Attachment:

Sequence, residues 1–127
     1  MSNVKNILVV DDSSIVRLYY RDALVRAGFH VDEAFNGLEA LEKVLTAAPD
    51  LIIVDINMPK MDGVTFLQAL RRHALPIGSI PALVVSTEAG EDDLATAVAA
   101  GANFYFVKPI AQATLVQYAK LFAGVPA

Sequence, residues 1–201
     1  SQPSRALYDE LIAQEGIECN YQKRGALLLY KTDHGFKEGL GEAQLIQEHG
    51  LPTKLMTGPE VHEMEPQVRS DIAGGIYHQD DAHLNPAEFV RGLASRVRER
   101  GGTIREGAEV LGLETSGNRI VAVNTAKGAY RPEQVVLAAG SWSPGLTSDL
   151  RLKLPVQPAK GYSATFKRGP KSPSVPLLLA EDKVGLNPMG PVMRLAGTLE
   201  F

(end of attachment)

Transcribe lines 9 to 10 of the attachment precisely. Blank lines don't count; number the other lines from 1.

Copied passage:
   151  RLKLPVQPAK GYSATFKRGP KSPSVPLLLA EDKVGLNPMG PVMRLAGTLE
   201  F